After languishing for more than a year, Judy Shelton’s controversial nomination to the Federal Reserve’s board of governors appears poised for Senate confirmation in the final weeks of the Trump administration.
Senate Majority Leader Mitch McConnell moved to hold a vote sometime this week after Sen. Lisa Murkowski, R-Ala., signaled her support for the nominee. Shelton has attracted great scrutiny over views that place her well outside of the economic mainstream.
Shelton, who served as an adviser to President Trump’s 2016 campaign, is expected to be confirmed on a slim majority of 51 votes, prevailing over the opposition of Senate Democrats and two Republican critics.
Her confirmation for a term that runs through 2024 comes as the Fed enters a critical stretch under President-elect Joe Biden, with key decisions to be made on how much support the central bank can continue to provide to U.S. markets during the coronavirus pandemic.
Still, her power to sway policy would be limited as one member of the Fed’s seven-member governing board.
Sen. Ron Wyden, D-Ore., blasted what he called McConnell’s “out-of-the-blue” push for a vote on Shelton.
“Her ideas are so wacky and outdated, giving her authority over the dollar would be like putting a medieval barber in charge of the CDC,” Wyden said in a statement, referring to the Centers for Disease Control And Prevention.
“Senate Republicans now see an opportunity to return to the old austerity playbook, so they are moving to get her in place with a sense of urgency they have never shown for getting economic relief to American families,” he added.
Shelton has been a lightning rod since Trump nominated her for the central bank post in July of last year.
Opponents questioned her views on monetary policy — which seem to shift depending on which party controls the White House — as well as her unorthodox support for the gold standard, a theory long discarded by mainstream economists.
In the aftermath of the 2008 global financial crisis, Shelton criticized the Fed for keeping interest rates low. But she changed course abruptly once President Trump was in office, backing his call for even lower interest rates.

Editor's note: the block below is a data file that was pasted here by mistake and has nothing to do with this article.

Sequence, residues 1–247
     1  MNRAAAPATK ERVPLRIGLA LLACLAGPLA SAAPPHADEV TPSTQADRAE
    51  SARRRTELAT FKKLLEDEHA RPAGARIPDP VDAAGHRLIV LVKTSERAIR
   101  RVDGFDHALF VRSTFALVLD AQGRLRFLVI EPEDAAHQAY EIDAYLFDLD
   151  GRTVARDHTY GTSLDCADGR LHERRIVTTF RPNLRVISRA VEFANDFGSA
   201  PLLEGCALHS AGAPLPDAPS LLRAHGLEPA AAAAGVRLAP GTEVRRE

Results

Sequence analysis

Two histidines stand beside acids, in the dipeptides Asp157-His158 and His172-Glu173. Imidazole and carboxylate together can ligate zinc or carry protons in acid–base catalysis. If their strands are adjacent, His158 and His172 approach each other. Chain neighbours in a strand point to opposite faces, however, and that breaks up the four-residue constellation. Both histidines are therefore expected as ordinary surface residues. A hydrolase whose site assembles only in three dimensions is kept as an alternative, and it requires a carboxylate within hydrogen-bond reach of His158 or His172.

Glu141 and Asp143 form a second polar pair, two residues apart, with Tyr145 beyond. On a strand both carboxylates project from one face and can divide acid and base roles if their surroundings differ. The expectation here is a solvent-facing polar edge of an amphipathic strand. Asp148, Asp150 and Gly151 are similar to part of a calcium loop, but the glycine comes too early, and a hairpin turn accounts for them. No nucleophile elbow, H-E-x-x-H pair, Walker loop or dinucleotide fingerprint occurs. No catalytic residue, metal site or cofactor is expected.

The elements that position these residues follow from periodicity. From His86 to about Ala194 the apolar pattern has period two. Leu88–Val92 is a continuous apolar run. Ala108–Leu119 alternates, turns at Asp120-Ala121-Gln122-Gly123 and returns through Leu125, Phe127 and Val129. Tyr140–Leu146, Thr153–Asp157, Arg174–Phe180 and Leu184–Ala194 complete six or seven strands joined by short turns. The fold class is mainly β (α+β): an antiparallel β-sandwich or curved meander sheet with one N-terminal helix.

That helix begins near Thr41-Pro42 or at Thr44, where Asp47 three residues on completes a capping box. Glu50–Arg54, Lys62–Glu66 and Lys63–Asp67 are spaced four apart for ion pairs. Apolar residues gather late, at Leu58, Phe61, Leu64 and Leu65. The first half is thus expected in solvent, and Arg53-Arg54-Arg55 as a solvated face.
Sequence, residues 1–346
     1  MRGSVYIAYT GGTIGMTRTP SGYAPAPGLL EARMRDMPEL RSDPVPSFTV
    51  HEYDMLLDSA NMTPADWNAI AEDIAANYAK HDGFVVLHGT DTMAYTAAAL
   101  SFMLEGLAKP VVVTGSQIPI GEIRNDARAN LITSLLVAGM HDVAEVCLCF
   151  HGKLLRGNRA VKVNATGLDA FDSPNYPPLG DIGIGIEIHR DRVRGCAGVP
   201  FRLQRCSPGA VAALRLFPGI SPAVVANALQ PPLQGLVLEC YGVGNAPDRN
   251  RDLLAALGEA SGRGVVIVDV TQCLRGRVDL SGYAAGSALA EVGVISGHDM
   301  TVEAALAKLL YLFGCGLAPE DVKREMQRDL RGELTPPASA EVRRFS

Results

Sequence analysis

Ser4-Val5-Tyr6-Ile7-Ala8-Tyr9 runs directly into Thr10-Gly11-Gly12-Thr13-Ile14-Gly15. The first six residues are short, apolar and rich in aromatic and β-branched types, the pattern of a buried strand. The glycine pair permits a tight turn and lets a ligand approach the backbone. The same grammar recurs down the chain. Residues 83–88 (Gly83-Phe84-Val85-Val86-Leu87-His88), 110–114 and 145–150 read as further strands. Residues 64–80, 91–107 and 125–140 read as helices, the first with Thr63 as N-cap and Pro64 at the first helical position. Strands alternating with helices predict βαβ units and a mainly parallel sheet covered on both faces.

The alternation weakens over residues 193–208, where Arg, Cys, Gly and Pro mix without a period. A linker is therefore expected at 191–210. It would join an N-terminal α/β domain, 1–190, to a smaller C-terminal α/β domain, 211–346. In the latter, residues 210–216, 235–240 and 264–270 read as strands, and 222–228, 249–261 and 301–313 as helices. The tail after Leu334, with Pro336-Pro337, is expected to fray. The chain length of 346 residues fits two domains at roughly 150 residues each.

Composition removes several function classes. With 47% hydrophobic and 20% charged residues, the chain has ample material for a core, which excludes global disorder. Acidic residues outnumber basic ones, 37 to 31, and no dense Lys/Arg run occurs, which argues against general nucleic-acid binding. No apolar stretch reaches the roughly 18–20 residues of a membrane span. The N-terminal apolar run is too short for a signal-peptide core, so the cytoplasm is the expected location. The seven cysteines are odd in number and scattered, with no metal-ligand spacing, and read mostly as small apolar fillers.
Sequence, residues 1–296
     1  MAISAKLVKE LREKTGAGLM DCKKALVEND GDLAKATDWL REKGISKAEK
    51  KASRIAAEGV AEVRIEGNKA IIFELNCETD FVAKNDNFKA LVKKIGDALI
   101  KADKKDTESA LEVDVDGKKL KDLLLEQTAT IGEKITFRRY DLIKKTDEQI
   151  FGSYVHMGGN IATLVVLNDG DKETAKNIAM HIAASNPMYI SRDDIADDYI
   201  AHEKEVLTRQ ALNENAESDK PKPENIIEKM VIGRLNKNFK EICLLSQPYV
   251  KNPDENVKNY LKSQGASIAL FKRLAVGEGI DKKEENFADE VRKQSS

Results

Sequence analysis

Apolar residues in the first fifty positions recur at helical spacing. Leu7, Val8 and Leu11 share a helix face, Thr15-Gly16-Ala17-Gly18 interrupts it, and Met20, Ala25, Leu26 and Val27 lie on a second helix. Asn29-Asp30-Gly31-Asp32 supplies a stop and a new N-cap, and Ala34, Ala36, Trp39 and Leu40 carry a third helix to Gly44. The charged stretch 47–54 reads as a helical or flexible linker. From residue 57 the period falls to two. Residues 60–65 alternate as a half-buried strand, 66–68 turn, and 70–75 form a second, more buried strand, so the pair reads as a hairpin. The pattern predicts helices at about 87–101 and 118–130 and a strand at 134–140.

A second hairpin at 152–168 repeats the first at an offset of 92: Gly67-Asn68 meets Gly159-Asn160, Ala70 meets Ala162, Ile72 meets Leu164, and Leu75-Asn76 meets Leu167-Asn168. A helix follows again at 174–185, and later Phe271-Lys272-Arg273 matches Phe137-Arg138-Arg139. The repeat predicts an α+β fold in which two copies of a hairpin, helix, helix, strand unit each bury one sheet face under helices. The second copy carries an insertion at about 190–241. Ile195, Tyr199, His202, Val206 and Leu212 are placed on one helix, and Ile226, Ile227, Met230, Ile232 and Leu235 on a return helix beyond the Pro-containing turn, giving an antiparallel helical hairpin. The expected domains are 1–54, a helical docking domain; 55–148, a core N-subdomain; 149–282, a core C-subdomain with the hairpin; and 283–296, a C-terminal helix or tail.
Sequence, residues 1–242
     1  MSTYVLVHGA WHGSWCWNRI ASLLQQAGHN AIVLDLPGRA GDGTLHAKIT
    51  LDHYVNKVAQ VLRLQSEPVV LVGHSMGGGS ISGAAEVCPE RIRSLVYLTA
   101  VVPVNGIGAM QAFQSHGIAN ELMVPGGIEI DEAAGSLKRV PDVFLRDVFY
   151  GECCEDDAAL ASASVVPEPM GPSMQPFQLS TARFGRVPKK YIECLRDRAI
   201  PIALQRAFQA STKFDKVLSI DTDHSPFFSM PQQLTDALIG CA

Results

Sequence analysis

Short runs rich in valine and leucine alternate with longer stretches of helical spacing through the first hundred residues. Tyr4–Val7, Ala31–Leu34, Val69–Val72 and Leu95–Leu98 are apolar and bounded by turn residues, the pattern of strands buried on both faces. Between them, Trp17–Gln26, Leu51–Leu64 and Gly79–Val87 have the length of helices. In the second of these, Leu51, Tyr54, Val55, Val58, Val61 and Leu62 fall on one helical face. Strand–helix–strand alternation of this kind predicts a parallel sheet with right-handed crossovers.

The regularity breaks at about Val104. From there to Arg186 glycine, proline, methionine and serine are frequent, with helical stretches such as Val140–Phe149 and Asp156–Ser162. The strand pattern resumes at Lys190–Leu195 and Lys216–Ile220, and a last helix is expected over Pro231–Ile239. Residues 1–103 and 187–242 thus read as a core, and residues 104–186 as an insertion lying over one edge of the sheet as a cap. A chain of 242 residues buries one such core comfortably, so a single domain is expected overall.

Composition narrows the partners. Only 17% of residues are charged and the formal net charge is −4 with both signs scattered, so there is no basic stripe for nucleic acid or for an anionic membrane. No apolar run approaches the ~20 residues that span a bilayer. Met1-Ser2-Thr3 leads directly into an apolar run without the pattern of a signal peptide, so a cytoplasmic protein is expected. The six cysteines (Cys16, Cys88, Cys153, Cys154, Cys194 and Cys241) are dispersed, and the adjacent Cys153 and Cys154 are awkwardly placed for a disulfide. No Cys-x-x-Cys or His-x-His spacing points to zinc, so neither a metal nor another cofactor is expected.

At a confirmation hearing before the Senate Banking Committee in February, several Republicans expressed reservations about Shelton. But the panel ultimately voted along strict party lines, 13-12, to advance her nomination to the full Senate.
Shelton’s confirmation is not guaranteed, given that two Senate Republicans, Mitt Romney of Utah and Susan Collins of Maine, said they would vote against her.
That means McConnell can afford just one other Republican defection if the Senate is to confirm Shelton.
Collins pointed to Shelton’s past statements suggesting the Fed should be less independent of political branches of government. The nominee has even questioned the need for a central bank.
“This is not the right signal to send, particularly in the pandemic,” Collins said in July.
As recently as September, Republican leaders were struggling to nail down support for Shelton.
“Judy Shelton is not fit for the Federal Reserve Board,” Sen. Sherrod Brown, D-Ohio, tweeted last week. “Americans decisively voted for stable, competent economic policy, NOT fringe theories.”
Stephen Moore, whose own nomination to the Fed was sunk by similar complaints of partisan politics, as well as by his past sexist comments and a tardy tax payment, praised Shelton.
“She will be an advocate for American jobs and prosperity,” Moore said in a statement. “Most importantly, she doesn’t believe that printing dollars creates jobs.”
Opponents had worried that Trump might tap Shelton to replace Jerome Powell as Fed chairman when Powell’s term expires in 2022. That’s not a concern under President-elect Biden.
Christopher Waller, who was nominated for a Fed position at the same time as Shelton, is also awaiting confirmation.
Waller, who currently serves as director of research at the Federal Reserve Bank of St. Louis, is a more traditional pick and has drawn much less controversy. So far, however, McConnell has not pushed his nomination to a vote on the Senate floor.